Think Gotta vacuum again…Goddamn stupid inner ear

Shake my head, laugh, head to the kitchen, cats leading the way. Hit the power button on my desktop computer as I walk by. An urge hits me, so I said “Alexa, play Rachmaninoff.” I’m not a particular fan of Sergei’s work, and I don’t normally listen to classical music, not as much as I used to anyway. I like it, but it’s not for every day consumption. The words came out of my head like someone else said them. The thought¬†didn’t exist the moment before I uttered the words. I rationalized it by thinking it must be something to do with all the news about Russia recently.

Think Goddamn stupid Russians.

“Shuffling songs by Sergei Rachmaninoff.” The singsong voice from the small hockey puck sized device next to my wife’s chair came out quietly. I had turned the¬†volume down. A few notes from a piano, high pitched, struggle to make themselves heard. I let them struggle and go¬†to the kitchen.

I walk in and both cats are simultaneously mewing to me, the girl, Daisy, more vocal and closer. The duet is rare from them, so I look down to see no food at all in their dishes.

“Are you a hungry gatita?” She looks at me, her eyes widen slightly and she mews again in response. ¬†I pick her up as her brother, a large furry ball of black fur, as he jumps on the table and turns to make eye contact with me. “Hungry gatos, Eh?” She in my hand, belly up, purring furiously, he looking intently at me, leaning in towards me slightly, as if eye contact were enough to explain hunger. Which it is.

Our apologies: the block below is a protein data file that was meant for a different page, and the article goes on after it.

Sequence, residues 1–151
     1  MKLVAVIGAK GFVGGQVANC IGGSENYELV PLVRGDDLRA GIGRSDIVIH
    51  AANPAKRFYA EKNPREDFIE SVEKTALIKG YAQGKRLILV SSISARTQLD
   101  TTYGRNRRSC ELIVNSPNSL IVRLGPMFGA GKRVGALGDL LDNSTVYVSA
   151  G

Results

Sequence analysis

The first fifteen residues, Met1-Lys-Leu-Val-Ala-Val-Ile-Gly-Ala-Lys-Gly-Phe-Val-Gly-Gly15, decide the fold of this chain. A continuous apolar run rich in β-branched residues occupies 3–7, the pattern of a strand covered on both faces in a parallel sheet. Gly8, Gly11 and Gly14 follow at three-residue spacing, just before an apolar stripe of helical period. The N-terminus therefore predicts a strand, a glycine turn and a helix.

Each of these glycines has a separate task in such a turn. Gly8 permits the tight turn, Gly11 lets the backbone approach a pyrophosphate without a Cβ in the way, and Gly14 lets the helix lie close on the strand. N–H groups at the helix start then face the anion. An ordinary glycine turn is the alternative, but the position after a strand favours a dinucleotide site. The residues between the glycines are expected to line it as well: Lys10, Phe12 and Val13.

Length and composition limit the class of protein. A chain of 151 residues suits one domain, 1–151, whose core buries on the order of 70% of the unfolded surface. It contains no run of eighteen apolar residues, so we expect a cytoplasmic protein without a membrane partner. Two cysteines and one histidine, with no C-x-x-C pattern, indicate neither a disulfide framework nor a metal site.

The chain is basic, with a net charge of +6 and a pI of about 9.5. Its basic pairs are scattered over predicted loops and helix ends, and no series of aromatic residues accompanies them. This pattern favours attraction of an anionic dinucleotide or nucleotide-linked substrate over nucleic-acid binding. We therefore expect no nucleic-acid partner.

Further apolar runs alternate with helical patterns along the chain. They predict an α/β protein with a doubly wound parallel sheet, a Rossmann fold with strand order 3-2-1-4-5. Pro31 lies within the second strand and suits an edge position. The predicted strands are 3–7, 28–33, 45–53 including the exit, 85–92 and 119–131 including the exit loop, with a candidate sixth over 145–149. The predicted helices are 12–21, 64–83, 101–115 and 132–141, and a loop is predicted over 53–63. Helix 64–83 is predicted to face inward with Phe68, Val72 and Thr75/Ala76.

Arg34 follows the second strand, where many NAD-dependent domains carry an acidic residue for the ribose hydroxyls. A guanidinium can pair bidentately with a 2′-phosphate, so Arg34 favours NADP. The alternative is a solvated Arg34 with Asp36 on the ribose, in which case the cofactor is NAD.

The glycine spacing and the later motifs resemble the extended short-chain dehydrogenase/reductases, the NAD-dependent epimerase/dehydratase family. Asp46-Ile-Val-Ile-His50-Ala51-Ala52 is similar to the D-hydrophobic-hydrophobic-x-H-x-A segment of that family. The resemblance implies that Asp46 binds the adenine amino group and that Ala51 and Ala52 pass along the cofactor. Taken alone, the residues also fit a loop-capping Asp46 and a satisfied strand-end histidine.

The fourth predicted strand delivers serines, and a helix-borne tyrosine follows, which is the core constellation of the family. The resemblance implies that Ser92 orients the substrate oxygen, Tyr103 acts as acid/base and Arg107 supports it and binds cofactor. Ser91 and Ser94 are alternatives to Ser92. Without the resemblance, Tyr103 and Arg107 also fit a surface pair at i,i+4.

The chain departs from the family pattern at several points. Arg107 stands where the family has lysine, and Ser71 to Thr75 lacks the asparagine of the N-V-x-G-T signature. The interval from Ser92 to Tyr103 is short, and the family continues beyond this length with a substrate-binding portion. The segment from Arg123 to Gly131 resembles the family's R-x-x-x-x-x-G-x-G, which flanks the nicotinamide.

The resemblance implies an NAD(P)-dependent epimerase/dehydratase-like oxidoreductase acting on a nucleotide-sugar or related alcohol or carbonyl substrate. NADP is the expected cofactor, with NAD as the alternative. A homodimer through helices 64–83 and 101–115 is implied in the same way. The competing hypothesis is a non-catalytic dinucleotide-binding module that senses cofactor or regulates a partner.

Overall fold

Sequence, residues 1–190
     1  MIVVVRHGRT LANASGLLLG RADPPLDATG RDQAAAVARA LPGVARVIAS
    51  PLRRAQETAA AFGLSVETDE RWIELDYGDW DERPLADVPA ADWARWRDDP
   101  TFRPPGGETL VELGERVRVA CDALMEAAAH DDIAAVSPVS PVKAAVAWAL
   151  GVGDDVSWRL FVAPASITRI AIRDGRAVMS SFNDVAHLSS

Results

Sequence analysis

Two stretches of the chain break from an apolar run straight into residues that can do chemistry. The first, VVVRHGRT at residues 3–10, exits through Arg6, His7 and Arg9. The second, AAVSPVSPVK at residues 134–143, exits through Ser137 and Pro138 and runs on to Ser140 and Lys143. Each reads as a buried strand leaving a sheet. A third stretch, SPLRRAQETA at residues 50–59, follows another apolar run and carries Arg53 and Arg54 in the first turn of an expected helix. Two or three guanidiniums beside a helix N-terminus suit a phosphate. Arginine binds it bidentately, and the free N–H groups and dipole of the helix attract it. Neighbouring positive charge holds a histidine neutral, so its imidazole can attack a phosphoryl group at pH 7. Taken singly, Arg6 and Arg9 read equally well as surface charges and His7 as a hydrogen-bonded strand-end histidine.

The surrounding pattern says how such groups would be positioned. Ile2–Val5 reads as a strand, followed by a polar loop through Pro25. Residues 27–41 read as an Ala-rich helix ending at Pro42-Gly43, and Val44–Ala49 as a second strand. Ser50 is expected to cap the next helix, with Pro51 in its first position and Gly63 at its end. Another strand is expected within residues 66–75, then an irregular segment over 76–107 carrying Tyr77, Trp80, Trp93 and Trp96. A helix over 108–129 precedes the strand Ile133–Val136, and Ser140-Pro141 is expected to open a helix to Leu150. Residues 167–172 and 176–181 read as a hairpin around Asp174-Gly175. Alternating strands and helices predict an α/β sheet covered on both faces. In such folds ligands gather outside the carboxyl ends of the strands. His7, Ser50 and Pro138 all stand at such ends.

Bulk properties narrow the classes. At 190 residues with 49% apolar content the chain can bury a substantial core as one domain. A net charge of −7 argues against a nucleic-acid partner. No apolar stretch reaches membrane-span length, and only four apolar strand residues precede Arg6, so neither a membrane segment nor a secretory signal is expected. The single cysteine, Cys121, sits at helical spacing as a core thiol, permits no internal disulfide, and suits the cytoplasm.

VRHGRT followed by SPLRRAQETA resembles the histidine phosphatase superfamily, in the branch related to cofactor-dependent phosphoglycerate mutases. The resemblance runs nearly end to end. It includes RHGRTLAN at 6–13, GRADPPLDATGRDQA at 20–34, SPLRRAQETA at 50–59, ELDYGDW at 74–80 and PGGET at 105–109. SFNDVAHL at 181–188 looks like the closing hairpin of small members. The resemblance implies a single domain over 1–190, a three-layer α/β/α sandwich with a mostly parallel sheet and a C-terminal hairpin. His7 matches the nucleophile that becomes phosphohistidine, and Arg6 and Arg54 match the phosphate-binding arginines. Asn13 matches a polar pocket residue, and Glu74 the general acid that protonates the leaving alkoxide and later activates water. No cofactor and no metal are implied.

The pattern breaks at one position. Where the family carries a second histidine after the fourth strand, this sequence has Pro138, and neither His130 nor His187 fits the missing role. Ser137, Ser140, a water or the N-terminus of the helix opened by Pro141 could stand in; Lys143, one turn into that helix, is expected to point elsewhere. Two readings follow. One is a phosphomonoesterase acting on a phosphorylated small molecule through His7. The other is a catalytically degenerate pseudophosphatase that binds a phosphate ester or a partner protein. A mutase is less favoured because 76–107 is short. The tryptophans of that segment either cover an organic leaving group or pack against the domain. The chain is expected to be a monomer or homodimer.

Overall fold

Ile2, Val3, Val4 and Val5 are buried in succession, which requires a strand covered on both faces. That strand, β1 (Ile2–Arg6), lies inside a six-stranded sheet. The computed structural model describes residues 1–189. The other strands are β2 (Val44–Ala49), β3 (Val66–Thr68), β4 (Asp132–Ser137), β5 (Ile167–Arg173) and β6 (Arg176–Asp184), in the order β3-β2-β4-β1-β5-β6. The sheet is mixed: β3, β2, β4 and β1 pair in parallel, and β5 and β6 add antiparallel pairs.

Put her down, stoop to open the wood stained cabinet. Head doesn’t swim. Good. Grab two cans at semi-random and walk over the the small dirty counter near the window. Think¬†Need to clean the counter, dammit¬†and tap the two cans together to signal to the cats that it’s time to eat. Look at the coffee pot, upside down, think not a thing about it. Open the pop top cans. She jumps on the counter and the moment I pull the cover off of one can she begins to eat. Open the other can and let the other cat, Fozzy, eat straight from it. Shouldn’t but I do. He doesn’t mind, hunger trumps everything in his world at this particular moment.

Everything is right in the world.


Mad As A Hatter


‘Have you guessed the riddle yet?’ the Hatter said, turning to Alice again.
‘No, I give it up,’ Alice replied: ‘what’s the answer?’
‘I haven’t the slightest idea,’ said the Hatter.

Who do you think of when you think of Cyber Security? Do you think of anyone? How much do you know about Cyber Security? It’s an important question, one worth exploring as our future becomes our present

When I think of that particular term I think of a number of people. Steve Gibson of Gibson Research, for one. John McAfee, not trustworthy and clearly not sane, but knowledgeable. But there aren’t a lot of people the average guy or gal on the street can name as being big in the industry. Most coding and cyber security work is done in the shadows. Kinda has to be.

When I want to read up on the subject, which admittedly is not all that often, I have turned to a number of sources, the latest of which is the f-secure blog (click here to go there) So all of my knowledge of the subject is second hand and thanks to writers who write about the subject and only really from Steve Gibson from an actual technical angle.

With all that I can only sit here in stunned amazement at who our fearless (aka mindless) leader has picked to be his Cyber Security advisor.

Rudy Giuliani.

Holy shit. Does he even know what Dos Shell is? Would he be able to tell the difference between Sql and Java if stuff in either of those languages crossed his computer screen? How much work has he done with Ruby On Rails?